Numbers don’t lie, but they can confuse (part 3)

As I was saying in my previous post, one of the interesting relationships I have discovered is that the better our virus filters perform, the more spam our end-users see in their inbox (and the less total mail we see on our network).

Another very interesting phenomenon affecting SITI is with regards to our bl[ao]cklists.  We use a bunch of different ones and they operate serially, one behind the other.  The first two blocklists each correspond to a negative correlation with SITI, that is, the more they block, the less mail our end users see.  This is logical; the more mail we block without scanning, the less hard our content filter has to work.  Blocking 100% of spam from an IP should result in an extra little bit of spam getting blocked that a content filter wouldn’t catch, if it were catching 99%.  With a couple billion messages, that 1% adds up.

Where things become complicated is that when the third blocklist in the pipelines starts getting more and more hits, this has a positive correlation with SITI.  In other words, when the first two layers of protection are bypassed and are picked up by the deeper layers, more spam is delivered to the end-user.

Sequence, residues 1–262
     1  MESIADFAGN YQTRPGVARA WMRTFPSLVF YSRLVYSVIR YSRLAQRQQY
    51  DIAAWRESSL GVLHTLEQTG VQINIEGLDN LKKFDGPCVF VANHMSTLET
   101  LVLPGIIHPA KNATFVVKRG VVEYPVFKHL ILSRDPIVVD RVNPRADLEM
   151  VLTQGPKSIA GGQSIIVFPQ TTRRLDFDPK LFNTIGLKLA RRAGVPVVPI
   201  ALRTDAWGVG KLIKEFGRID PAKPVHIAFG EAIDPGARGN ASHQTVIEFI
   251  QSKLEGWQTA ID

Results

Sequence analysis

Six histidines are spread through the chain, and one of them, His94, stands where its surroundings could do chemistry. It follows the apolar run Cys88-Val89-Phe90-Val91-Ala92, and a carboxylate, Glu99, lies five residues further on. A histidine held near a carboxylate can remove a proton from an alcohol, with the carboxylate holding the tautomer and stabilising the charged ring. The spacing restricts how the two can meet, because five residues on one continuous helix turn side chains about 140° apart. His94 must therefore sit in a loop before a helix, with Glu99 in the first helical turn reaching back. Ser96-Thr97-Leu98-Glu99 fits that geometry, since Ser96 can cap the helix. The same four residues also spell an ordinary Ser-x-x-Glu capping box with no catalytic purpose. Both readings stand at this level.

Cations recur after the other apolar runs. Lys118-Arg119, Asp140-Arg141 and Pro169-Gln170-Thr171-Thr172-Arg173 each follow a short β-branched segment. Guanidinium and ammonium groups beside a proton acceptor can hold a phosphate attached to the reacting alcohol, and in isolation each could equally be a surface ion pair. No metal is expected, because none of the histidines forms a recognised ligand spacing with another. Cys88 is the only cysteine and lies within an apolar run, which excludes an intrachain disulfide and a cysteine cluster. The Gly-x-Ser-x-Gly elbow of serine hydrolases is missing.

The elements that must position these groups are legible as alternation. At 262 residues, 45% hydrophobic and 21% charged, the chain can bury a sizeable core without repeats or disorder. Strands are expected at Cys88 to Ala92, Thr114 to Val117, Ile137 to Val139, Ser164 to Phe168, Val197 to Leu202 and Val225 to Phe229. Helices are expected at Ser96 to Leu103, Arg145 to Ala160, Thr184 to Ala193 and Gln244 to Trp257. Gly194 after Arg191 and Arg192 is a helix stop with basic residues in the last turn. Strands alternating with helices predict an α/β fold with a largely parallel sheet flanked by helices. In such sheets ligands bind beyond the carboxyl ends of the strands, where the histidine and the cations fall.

This is an intriguing discovery.  It suggests that the higher order lists are critical to the anti-spam infrastructure.  If spammers can get through those two, then they have a much greater chance of getting their mail delivered.

On the other hand, maybe it just means that there are more DNS timeouts and the mail would have been caught had the timeout not occurred.